Medical Malpractice Tort Reform Backfires in Florida
Several years ago, Florida passed tort “reform” that among other things was supposed to help doctors afford medical malpractice insurance. Guess what happened? As usual, the insurers barely dropped their premiums after the “reform” passed. But now doctors are just choosing not to buy insurance coverage because they’ve realized that being uninsured makes it less likely they’ll be sued. And, even if they are sued, they can just file bankruptcy:
"I have a strong feeling I'll never hear from another attorney again," Rosenbaum said. "Sure, I'm nervous. But I practice carefully. The first thing lawyers do when they have a case is [check] all the doctors involved to see who has how much coverage." [Sad but true. The assumption is that if a doctor doesn’t have medical malpractice insurance, he doesn’t have any money to satisfy a judgment. – JCL]
Financial advisors now specialize in sheltering doctors' assets from malpractice verdicts. Marc Singer, a partner at Singer Xenos Wealth Management in Coral Gables, said he advises doctors to drop coverage and, if sued, offer the patient a choice: a small settlement or get nothing when the doctor goes bankrupt. [And people call lawyers unethical. – JCL]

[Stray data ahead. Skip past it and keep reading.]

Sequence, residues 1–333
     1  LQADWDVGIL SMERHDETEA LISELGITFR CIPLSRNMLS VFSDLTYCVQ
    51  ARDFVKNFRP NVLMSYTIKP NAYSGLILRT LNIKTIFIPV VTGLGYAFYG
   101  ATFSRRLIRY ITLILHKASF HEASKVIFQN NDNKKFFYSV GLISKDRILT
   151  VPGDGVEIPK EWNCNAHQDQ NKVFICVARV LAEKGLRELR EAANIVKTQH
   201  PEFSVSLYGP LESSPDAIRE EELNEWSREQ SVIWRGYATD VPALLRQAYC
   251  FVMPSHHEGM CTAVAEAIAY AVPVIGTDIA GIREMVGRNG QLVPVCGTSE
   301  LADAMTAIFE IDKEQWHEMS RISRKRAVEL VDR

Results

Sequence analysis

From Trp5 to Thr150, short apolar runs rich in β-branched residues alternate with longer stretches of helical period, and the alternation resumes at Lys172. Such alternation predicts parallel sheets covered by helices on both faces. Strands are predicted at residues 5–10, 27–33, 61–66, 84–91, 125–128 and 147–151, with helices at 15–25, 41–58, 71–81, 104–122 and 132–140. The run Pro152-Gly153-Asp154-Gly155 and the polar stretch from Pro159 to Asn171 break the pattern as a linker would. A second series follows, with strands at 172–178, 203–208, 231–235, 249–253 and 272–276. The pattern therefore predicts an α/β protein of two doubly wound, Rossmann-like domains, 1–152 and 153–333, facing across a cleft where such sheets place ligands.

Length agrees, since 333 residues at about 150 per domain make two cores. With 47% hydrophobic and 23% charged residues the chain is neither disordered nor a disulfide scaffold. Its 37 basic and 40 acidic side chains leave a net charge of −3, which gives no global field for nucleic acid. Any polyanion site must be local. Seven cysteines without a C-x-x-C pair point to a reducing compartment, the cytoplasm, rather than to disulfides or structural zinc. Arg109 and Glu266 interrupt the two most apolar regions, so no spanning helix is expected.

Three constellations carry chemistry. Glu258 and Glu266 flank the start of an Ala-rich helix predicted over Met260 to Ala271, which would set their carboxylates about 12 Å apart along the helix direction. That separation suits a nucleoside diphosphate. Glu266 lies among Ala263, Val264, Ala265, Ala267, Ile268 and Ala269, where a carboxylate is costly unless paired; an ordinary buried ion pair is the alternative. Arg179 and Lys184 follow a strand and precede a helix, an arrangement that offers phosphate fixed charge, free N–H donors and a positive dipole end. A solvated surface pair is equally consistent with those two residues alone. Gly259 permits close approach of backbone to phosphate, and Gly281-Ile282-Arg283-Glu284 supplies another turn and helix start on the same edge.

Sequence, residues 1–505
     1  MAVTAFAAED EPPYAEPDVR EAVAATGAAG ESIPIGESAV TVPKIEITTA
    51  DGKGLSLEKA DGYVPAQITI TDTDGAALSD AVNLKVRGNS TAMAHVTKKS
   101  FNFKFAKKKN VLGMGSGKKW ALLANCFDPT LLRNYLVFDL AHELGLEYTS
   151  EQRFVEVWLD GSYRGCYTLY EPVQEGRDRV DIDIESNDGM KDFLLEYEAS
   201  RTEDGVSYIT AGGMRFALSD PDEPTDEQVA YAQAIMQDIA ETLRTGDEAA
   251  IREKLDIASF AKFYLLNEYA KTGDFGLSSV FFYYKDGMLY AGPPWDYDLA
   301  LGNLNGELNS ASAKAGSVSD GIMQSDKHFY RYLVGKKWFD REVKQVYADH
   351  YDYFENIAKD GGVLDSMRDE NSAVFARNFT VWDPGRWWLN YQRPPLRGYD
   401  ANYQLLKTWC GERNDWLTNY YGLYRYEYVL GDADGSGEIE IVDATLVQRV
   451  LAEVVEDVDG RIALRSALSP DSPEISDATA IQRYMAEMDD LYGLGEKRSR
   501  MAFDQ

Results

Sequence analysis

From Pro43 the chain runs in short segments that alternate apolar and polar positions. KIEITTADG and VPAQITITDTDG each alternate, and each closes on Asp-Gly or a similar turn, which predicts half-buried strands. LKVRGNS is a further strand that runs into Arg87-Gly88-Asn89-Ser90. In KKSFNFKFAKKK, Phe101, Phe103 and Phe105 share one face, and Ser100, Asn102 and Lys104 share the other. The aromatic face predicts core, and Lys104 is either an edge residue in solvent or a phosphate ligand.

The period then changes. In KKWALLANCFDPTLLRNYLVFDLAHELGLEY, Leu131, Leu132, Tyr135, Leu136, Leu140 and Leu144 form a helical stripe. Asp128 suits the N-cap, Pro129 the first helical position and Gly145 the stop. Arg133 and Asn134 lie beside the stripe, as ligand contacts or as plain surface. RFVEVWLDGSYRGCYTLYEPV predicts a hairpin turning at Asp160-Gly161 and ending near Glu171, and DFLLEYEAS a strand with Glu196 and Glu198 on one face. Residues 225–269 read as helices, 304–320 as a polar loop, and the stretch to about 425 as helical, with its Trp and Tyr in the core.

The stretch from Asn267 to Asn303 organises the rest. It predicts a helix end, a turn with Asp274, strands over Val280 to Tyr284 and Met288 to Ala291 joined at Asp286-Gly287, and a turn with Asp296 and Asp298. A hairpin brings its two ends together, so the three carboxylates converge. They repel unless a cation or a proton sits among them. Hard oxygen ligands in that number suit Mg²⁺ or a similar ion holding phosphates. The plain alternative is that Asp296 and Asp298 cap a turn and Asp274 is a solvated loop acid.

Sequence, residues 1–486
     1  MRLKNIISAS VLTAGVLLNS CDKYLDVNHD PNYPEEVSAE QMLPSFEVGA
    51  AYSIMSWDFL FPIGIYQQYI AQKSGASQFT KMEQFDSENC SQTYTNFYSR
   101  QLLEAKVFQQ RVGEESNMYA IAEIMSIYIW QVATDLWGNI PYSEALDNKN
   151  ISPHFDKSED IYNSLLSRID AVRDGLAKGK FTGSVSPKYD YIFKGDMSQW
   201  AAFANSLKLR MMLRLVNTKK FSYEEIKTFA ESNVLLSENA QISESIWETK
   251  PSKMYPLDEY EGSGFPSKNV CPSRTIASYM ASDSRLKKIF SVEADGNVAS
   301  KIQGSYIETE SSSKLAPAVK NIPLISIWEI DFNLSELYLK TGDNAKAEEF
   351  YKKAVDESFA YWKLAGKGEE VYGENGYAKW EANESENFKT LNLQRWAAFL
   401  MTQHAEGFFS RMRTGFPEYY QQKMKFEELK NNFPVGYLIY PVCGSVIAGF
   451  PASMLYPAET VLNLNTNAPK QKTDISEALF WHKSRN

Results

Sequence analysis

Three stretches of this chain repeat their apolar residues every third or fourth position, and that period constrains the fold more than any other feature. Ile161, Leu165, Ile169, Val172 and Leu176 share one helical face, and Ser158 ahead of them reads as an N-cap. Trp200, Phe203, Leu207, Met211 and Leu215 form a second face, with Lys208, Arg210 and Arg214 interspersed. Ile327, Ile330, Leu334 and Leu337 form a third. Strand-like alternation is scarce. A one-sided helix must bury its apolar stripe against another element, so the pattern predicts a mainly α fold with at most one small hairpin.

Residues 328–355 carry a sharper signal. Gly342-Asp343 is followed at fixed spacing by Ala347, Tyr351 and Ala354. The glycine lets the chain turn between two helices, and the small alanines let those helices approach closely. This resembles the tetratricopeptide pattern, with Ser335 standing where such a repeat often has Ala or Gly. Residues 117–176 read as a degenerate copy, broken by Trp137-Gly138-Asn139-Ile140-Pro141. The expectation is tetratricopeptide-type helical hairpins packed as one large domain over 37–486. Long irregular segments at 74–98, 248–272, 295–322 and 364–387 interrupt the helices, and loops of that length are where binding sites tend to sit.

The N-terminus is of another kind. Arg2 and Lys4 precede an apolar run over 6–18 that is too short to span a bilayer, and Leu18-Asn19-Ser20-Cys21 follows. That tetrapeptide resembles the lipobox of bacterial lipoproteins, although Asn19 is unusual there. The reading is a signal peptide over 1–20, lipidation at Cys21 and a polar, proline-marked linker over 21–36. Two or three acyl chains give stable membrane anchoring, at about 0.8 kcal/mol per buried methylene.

"The idea here is not to beat the patient, the idea is to lower the expectations of the plaintiff's attorney," Singer said.
Bankruptcy has become a growing option for uninsured doctors, experts said. Federal and state laws shield the main home, retirement accounts, annuities and life insurance from malpractice awards.
Uninsured Juno Beach neurosurgeon Jacques Farkas filed for bankruptcy in 2004 after two patients sued. In the more severe case, a paralyzed man said in a lawsuit that his brain was pierced by a back rod Farkas implanted badly. Bankruptcy court records show Farkas sheltered $2.6 million in assets, including a $1.6 million oceanfront home. His payout to creditors: $16,200. The two patients got nothing. [While the doctor lives the life of a rock star, the patient lives in a wheelchair. And I bet taxpayers picked up the tab for that wheelchair, too. I also wonder why the bankruptcy “reform” act doesn’t prevent millionaires from filing bankruptcy, when it prevents middle-class debtors from doing so.– JCL]
"Fair or not fair... he did what the law allowed," said Charles Cohen, a Farkas attorney who said the doctor denies wrongdoing in the surgeries.
Attorneys said declaring bankruptcy gives doctors another edge. If a malpractice award does not get paid because of bankruptcy, the state no longer considers a doctor in violation for not paying it, preserving his or her medical license. Only a handful of doctors have lost licenses for not paying. [This sucks. And it sucks because it’s a necessary consequence of bankruptcy protection; filing bankruptcy is your legal right, and it’s not fair to punish you for doing so. - JCL]
Source: Uninsured doctors on the rise in South Florida -- South Florida Sun-Sentinel.com (H/T to Walter)
Thanks to tort “reform,” injured patients are getting little or no compensation, and taxpayers are paying the medical bills for the injured patients. Good job, Florida Legislature.